The Gift of Giving a Damn

I recently finished The Five Love Languages, a book I cannot recommend highly enough for anyone who wishes to have more meaningful, effective relationships (romantic or otherwise). (I read the Singles Edition; there are various versions available for whatever your current status or focus, but you'll get the gist of the theory, whichever version you check out.) I am not usually a big fan of anything that even resembles a self-help juggernaut, but it was recommended by my dear friend Ro, and I'm so glad I put my preconceived notions aside to delve into this wise easy-read.

The theory posits that there are five ways in which human beings essentially communicate love: words of affirmation, physical touch, quality time, acts of service, and receiving gifts. We may respond to (or "speak") all of these in some way, but there is always one that means more to us than the others. This is our "primary love language." Not only will we respond better to those who recognize (or luck out, to be cynical fair) our own language, but if we wish to show someone how much we care for them, we should also strive to speak their respective language.

(Barf. Gag. Ugh. I know...but I got the rant out of my system last night/this morning, so just bear with me through my brief bout of soul-searching. Kay? Thanks.)

So much of this makes sense to me because I have (more than once) found myself wondering why the hell a boyfriend or friend insists on executing the relationship on their terms. "Why," I ask myself, "is it all about them?" After I've exhausted myself throwing a hissy fit and start acting like a big girl again, I inevitably realize that my disappointment is partly my fault. I never communicated how I wanted to be treated. (I don't want to hear a WORD from the peanut gallery about my inability to communicate emotions/feelings in general. I am AWESOME.) Now, some things, such as Natty doesn't appreciate it when you fall in love with other women while we are in a relationship, should be understood. (Seriously?) But others could have been addressed if only I had (a) recognized this need and (b) shared it with Captain NotWorthy.

(Rambly, rambly, rambly....the point, already?)

This entire theory presupposes that you give a crap enough about the relationship on which you are focusing to even attempt to recognize the needs of another. And, if you're feelin' ambitious, you might even go out of your way to try to meet those needs. For another person. Crazy talk, I know.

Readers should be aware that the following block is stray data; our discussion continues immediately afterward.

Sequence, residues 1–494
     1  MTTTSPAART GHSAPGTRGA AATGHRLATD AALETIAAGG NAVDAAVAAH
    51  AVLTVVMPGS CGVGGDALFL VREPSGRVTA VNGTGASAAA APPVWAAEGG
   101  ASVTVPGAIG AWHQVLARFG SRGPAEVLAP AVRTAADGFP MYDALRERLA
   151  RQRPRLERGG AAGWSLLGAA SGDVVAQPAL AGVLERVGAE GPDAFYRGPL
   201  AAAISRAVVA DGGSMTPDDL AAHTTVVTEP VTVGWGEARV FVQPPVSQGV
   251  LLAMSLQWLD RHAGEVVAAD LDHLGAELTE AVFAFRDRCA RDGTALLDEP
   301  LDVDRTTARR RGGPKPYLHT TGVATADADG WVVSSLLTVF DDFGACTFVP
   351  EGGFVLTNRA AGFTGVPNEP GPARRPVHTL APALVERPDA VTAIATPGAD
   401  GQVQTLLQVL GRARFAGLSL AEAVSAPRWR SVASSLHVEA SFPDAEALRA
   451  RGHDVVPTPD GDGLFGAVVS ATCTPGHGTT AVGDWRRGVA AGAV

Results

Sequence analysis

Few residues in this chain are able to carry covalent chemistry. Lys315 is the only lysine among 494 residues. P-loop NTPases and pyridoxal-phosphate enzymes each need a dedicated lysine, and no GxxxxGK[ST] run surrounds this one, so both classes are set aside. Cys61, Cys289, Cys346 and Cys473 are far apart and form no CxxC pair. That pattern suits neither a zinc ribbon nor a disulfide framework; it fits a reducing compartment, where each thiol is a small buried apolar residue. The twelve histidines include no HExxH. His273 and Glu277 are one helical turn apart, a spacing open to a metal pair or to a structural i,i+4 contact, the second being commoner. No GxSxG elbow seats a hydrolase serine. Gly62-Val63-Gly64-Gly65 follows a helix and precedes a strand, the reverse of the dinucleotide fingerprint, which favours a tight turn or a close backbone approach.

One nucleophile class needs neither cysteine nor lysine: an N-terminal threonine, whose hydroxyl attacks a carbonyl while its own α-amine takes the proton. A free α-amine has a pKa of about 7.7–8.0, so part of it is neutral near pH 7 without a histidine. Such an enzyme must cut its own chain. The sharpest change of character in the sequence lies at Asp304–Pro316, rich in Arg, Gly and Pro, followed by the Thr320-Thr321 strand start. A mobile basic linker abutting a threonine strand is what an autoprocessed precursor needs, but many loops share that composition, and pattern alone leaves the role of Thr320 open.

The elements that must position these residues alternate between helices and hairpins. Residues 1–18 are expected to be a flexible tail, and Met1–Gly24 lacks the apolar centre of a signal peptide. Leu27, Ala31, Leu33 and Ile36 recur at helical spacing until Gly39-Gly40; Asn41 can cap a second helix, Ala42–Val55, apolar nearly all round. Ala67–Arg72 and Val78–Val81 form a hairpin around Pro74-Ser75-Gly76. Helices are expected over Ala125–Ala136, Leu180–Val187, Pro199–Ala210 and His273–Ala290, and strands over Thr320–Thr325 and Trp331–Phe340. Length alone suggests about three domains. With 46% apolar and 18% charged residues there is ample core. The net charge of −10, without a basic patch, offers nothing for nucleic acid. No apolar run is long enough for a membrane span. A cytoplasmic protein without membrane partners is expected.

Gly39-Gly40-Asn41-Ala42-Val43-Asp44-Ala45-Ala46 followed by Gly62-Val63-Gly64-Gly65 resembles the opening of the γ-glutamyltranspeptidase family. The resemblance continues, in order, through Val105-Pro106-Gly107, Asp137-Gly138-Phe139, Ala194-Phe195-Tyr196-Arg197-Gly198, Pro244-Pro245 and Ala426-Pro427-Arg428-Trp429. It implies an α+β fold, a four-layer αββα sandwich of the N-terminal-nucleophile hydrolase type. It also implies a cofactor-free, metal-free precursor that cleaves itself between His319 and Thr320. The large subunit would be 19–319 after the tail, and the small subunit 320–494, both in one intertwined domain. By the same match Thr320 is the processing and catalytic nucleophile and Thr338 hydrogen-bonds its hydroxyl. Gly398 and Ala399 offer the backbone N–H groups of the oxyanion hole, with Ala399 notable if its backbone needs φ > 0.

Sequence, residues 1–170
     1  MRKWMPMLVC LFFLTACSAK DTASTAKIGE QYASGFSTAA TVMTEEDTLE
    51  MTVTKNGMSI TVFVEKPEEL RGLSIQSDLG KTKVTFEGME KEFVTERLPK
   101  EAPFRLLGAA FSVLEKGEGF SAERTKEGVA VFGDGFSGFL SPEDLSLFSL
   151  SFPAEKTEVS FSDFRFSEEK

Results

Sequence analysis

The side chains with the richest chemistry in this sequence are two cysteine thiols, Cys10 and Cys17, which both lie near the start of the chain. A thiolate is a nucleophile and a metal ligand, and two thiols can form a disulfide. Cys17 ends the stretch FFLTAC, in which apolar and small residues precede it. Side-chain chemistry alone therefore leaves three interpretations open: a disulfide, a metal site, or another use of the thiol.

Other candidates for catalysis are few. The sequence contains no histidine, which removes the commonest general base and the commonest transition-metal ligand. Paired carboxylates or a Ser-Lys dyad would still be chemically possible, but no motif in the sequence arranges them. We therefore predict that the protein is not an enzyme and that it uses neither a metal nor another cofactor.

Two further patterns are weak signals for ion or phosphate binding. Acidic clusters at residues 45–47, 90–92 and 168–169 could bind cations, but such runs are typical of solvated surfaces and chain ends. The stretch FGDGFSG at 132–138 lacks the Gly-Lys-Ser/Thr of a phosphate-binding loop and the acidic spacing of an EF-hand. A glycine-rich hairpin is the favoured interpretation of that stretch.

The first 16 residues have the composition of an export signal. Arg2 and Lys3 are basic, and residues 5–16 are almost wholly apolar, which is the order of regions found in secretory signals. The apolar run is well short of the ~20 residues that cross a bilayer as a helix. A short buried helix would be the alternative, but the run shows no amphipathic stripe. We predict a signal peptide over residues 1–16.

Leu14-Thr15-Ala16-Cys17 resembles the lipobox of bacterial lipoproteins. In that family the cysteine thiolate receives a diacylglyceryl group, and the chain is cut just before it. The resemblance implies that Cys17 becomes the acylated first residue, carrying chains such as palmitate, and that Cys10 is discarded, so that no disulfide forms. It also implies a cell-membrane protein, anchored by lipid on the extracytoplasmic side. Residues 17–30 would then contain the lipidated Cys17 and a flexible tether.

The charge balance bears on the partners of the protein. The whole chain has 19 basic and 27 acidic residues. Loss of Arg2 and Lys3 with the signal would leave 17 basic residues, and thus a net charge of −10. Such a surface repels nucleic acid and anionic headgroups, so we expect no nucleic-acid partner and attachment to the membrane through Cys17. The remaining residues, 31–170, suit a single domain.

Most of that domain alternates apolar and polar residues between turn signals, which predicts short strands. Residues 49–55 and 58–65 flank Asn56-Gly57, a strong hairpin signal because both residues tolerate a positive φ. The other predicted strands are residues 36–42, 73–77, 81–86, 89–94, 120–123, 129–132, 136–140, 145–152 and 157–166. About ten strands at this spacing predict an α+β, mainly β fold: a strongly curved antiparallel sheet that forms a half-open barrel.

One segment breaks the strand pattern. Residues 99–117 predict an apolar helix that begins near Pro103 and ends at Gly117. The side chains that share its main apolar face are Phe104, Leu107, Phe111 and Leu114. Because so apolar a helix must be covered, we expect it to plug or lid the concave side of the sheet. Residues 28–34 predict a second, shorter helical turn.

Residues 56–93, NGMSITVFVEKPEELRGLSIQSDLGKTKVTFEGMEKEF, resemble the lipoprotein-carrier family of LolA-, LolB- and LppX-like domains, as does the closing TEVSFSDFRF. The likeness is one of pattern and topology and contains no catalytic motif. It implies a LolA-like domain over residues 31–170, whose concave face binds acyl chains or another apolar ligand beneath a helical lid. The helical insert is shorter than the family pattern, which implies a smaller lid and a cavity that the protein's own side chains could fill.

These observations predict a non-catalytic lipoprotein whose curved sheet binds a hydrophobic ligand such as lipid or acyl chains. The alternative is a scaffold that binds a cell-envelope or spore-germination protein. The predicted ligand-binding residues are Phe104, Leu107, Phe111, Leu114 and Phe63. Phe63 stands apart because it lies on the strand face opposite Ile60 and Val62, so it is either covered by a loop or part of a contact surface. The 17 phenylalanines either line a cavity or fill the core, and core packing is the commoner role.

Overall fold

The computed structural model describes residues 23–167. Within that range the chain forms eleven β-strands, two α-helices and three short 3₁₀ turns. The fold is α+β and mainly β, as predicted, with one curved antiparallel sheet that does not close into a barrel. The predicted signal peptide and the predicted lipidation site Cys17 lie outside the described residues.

The lesson I'd like to leave you with, dear children, is that we all want to feel loved and appreciated. For those people already in your life (as well as those who have yet to arrive) who matter to you, know that with just a modicum of effort you can make all the difference in their hearts and in their heads. Pay attention to what makes them light up. And if you're lucky, they'll give a damn enough to do the same for you.


  1. Al. Ca. TRAZ.

    Also, no. I don't subscribe to this shiz. Just let me have it my way or I'd rather be alone.

    I keed, I keed. Well, sort of. I mean, yeah, I'd probably rather be alone.

  2. I also fear/loathe self-help books, but I followed the link and took the singles quiz. Wow. It made perfect sense to me and allowed to see the other ways someone might react to me in a loving relationship. Certain things make me uncomfortable (i.e. PDA) but others find that is the best way for them. I'm totally going to request this book from the library and maybe work through some of my crazy shit. Thanks!

  3. For awhile now I've wanted to read this book and never got around to it. Glad you got so much from it!

  4. I actually read this book a couple of years ago. It is surprisingly accurate. My boyfriend didn't know I was reading it, but I made a guess at his, tried it out, and was amazed.. we started having a much better relationship. And he had no idea that I even did anything, so that makes it even more real to me.

  5. haven't read that book, but I certainly like the premise there. Took me a long time to learn that lesson. Once you understand how a person needs to be communicated with, it's like you unlock an entirely new relationship with them, in all types of relationships, not just the romantic ones.